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Gamble 106: Down By The Train Tracks

by Nathan Gamble |  Published: Dec 30, 2020

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(Editor’s Note: This is part four of a series of articles that can be found on CardPlayer.com under Nathan Gamble’s author page.)

With the constant reminder of how lucky I was sitting in my passenger seat holding a gun, I drove deeper into his world and well outside my comfort zone. With every passing wave, every nod of the head, and every rambling word I was reminded of the danger that lay ahead of me and the precipice which I straddled with every passing moment. On either side of the chasm was a quick and perilous death, only by walking the fine line did I have hope of staying safe.

After what seemed like hours of driving, in reality no more than 30 minutes, the monotony was broken up by a harsh, “Stop. Now!” Things were changing. I looked around and it was no different than the neighborhood we had been in for the last 10 minutes, just another house in a ramshackle part of town. But this was it, this was our destination. He made me pass over my wallet, my keys, and my phone while telling me to stay put while he went inside. He looked me up and down and reminded me that they knew where I lived before jumping out of the car.

You would think it’s a relief to be free after all this time being held against your will, but the reality is it was even more nerve wracking. Every ounce of me wanted to toss the door open and flee, to run as fast as I could in any direction and just bang on any door and scream for help.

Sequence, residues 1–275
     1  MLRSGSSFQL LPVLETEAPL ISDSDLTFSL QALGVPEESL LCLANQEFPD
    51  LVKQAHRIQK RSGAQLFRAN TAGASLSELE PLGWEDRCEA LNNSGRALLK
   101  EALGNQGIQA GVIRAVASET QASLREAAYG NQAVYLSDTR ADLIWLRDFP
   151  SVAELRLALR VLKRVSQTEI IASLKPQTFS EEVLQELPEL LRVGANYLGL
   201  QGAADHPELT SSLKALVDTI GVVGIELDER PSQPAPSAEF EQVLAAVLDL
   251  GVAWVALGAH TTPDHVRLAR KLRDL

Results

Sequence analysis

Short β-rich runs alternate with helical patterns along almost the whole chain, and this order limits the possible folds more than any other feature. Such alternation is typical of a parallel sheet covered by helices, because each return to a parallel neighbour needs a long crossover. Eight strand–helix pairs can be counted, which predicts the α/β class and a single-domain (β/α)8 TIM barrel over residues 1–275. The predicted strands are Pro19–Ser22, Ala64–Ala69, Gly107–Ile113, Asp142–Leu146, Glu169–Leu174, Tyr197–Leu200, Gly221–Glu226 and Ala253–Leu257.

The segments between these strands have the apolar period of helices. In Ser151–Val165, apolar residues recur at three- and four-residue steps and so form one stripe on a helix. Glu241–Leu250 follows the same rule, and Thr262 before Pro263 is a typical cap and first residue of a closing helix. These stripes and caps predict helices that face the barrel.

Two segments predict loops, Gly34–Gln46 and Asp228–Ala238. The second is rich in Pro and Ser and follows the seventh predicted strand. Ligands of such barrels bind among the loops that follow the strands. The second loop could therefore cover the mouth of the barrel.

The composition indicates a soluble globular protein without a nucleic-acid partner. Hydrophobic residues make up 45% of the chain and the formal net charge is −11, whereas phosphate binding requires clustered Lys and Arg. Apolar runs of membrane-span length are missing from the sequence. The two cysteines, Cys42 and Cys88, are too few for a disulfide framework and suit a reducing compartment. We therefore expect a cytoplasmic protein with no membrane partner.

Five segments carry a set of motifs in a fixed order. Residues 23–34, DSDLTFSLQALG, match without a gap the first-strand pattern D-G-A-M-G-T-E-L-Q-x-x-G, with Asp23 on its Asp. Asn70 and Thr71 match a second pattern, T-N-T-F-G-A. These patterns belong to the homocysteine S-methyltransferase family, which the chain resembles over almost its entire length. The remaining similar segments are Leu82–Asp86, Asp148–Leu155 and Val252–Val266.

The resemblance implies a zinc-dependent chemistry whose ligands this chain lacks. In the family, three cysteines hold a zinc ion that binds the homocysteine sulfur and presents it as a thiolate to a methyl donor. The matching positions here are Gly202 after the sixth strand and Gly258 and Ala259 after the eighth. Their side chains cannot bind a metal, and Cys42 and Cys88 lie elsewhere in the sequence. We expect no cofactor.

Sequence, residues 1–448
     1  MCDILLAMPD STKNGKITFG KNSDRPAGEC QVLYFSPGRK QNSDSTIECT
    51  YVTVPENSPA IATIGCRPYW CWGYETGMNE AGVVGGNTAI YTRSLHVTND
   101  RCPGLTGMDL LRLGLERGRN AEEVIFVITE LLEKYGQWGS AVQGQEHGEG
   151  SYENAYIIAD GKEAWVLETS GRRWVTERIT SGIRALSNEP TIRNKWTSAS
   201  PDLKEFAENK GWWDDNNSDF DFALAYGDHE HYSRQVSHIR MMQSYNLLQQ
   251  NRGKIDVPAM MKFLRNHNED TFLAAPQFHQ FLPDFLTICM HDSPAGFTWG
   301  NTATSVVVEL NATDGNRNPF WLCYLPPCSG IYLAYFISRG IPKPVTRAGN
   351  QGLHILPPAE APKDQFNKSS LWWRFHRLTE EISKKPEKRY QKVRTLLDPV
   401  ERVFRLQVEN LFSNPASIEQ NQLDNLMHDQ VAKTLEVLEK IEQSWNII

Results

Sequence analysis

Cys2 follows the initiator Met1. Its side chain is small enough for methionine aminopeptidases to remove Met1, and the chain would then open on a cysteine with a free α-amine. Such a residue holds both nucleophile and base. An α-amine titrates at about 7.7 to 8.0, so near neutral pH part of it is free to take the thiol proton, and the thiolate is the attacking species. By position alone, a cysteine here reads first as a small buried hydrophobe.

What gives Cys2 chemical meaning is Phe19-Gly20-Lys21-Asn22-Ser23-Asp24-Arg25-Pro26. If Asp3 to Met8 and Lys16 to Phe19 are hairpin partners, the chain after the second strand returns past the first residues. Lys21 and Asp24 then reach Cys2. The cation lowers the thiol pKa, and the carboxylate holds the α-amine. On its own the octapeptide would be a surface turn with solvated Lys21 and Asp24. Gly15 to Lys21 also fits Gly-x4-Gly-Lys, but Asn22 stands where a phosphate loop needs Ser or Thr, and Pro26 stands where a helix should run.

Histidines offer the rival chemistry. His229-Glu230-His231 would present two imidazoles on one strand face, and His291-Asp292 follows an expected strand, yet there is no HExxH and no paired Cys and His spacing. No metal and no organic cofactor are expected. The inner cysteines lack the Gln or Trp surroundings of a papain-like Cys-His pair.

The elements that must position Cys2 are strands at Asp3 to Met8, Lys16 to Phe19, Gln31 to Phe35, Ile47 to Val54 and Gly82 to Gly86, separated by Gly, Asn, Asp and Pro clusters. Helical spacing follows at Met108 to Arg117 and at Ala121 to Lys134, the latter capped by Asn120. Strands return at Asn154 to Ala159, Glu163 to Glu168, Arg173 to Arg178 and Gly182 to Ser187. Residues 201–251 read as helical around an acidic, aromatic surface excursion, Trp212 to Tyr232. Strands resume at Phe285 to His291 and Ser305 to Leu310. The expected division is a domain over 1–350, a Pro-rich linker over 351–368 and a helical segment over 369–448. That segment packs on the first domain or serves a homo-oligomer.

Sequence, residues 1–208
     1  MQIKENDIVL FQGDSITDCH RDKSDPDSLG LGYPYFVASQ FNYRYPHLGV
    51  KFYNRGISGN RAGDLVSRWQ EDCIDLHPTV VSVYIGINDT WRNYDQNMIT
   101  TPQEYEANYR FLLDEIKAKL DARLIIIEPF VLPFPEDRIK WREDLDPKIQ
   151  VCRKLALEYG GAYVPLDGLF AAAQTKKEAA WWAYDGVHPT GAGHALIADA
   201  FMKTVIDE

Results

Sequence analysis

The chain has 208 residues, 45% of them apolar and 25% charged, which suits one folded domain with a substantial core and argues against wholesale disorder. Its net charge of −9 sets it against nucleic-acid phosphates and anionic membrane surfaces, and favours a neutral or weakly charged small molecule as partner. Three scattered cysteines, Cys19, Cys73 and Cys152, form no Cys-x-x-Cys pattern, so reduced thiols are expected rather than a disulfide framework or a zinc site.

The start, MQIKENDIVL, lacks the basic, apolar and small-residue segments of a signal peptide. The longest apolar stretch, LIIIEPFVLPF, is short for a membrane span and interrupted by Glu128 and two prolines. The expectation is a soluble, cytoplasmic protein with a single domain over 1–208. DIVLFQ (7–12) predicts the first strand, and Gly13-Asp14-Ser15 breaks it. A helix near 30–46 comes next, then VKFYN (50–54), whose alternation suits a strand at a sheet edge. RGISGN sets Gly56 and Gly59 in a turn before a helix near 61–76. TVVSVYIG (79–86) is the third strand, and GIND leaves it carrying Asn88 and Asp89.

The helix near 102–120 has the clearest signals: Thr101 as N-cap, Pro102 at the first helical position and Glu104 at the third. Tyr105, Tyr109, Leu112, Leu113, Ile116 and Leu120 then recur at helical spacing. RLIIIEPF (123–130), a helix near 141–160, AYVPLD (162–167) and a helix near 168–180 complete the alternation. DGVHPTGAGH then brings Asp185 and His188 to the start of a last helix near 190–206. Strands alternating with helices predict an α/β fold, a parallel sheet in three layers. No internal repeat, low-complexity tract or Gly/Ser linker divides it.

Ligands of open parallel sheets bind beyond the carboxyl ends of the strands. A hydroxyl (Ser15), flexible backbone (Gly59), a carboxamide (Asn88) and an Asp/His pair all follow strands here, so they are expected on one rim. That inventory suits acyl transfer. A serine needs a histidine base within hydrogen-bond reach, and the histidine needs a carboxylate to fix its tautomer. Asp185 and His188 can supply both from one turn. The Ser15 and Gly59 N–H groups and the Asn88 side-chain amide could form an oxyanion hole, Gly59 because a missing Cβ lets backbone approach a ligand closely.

The adrenaline was kicking in and I had to calm my nerves and try to think rationally. I was alone, 10 minutes by car into a neighborhood that I clearly didn’t belong in, and from what I had seen on the drive in, I wasn’t going to find much help from the locals. If I ran then I’d have a less-than-optimal chance at finding help. Even if I did find help and manage to escape, then he was right. They had my address and knew where I lived… where my parents lived! I didn’t want to risk drawing anyone else into my debacle.

As I made up my mind to stay put, he came running back to the car and jerked the door open, and we were off again.

This pattern repeated itself four more times, each time causing an internal battle as I had to temper my desire for freedom with the knowledge of what it could cost. At the time I didn’t know why we were stopping but later it became clear that he had been in search of drugs and was going from dealer to dealer. Only when we reached house number six did things kick into full gear as it instantly became clear that this could be where everything ended.

We turned left down a street which led into an unfinished cul-de-sac with train tracks peeking out behind a wood line. They were slightly elevated on an overgrown hill and unprotected by the dead and drooping trees that surrounded them. It was the perfect place to dump a body, I thought to myself. Throw it on the other side of the train tracks and I doubt anybody would have noticed until the stench drew questions. As we drove closer and closer to them, he had me pull a U-turn and stop at one of the houses towards the front of the street, no more than three doors down from the edge of the foreboding forest.

He pulled the normal line, they knew my name, where I went to school, where my family lived, and said he’d be right back. I had fallen into a false sense of security with every stop before but now with the woods in my rearview mirror, I felt the uncertainty of the moment looming. My adrenaline level doubled when my kidnapper came out of the house with two linebacker-sized men following behind him.